During a recent layover in Atlanta, I walked into an airport restaurant in Terminal F. After I looked over a menu and decided to eat there, the hostess asked me if I wanted to sit at the bar or at a table.
“Table,” I said, wanting some space to relax and write before my overnight flight to Buenos Aires.
As the hostess walked me to a table, she asked me where I was headed.
“Argentina,” I said.
“What are you doing there?”
“You have the need and the right to spend part of your life caring for your soul. It is not easy. You have to resist the demands of the work-oriented, often defensive, element in your psyche that measures life only in terms of output — how much you produce — not in terms of the quality of your life experiences.” — Jean Shinoda Bolen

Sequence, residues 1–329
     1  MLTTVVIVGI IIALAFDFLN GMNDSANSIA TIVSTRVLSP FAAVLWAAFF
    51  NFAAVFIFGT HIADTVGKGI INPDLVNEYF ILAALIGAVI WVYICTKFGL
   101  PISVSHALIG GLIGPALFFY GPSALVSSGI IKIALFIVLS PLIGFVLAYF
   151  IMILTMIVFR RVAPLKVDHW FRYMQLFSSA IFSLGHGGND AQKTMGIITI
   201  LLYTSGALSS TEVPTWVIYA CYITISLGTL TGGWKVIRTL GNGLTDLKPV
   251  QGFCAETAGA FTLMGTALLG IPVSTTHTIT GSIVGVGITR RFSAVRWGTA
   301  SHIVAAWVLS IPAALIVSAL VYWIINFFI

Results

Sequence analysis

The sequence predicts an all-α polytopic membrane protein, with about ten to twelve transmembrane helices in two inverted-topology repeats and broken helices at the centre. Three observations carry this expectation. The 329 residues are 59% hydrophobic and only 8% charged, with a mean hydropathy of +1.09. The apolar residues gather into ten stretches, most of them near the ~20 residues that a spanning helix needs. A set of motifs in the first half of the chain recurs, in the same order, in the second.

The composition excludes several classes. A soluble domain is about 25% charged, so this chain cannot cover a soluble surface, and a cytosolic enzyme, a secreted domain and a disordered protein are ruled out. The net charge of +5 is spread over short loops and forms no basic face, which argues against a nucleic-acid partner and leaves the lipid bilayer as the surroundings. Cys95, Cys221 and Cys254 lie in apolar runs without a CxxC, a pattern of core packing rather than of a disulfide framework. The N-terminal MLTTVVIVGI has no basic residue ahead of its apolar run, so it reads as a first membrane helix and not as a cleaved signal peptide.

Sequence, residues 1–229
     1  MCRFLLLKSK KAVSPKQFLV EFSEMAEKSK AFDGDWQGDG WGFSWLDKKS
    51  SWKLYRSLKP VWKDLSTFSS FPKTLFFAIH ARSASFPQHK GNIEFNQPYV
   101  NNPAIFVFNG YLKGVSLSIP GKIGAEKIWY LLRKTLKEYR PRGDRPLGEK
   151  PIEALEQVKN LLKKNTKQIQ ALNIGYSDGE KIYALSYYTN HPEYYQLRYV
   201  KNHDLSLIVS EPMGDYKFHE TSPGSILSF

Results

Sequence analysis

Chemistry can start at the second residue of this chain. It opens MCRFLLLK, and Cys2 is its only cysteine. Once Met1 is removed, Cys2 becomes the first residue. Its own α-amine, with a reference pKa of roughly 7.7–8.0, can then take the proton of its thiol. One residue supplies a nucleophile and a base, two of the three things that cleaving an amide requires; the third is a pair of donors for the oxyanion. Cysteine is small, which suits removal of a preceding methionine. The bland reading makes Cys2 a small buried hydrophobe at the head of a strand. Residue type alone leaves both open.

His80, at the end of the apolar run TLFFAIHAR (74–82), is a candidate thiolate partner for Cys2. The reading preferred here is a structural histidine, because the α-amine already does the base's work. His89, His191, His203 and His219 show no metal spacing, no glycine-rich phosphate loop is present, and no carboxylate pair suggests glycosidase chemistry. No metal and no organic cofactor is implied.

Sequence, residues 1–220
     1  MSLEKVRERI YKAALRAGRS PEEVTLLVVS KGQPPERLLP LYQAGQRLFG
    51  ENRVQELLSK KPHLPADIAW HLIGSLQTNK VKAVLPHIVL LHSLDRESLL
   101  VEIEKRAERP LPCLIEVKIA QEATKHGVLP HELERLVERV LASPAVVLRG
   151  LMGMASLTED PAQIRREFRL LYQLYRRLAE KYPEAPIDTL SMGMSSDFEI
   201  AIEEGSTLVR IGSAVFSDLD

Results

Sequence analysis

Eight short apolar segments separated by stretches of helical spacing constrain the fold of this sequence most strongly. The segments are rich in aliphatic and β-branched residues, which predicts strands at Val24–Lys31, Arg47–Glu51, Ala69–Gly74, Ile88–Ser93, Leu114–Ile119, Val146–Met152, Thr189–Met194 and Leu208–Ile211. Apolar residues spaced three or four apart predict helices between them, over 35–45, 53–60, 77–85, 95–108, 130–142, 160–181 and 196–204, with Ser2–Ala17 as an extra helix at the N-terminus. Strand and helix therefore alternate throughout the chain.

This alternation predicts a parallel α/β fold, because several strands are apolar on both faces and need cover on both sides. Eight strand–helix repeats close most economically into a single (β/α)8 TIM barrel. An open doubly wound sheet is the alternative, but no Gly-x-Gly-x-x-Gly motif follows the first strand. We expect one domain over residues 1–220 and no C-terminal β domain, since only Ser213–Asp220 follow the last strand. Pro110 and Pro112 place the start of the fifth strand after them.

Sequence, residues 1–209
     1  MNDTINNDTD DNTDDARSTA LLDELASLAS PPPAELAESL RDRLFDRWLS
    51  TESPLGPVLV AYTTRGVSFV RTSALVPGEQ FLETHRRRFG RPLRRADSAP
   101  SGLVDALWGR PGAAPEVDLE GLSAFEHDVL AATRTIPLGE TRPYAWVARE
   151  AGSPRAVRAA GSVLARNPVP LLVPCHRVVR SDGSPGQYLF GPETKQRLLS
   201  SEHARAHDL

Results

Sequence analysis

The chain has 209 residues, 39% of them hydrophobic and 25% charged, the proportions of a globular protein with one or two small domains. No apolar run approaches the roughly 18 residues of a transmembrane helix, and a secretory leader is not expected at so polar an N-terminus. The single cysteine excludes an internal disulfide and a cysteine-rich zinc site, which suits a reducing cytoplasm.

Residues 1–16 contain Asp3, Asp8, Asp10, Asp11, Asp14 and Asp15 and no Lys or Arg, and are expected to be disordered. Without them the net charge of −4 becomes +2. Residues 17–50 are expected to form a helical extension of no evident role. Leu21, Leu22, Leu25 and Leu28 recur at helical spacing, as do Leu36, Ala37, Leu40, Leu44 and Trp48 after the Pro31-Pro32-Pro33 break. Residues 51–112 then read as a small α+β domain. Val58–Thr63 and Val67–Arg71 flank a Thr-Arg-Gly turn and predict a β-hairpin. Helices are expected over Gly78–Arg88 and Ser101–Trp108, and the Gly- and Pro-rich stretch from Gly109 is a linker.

Three weeks ago, my friend Ashwini and I were riding in a jeep through the Colombian countryside near Guatapé. As we took photos and marveled at the lush, green, thriving mountains and the adventure we were on, I tuned in and out of a conversation between the Irish guy and Canadian girl — two fellow travelers, not in our group — with whom we were sharing the jeep.
As the jeep lurched and hobbled down the dirt road, pulling us back and forth with it, the guy and girl began talking about St. Patrick’s Day. As they did, I became lost in a momentary conversation with myself.
“What month is it?” I considered the question in silence for moment before looking at Ashwini.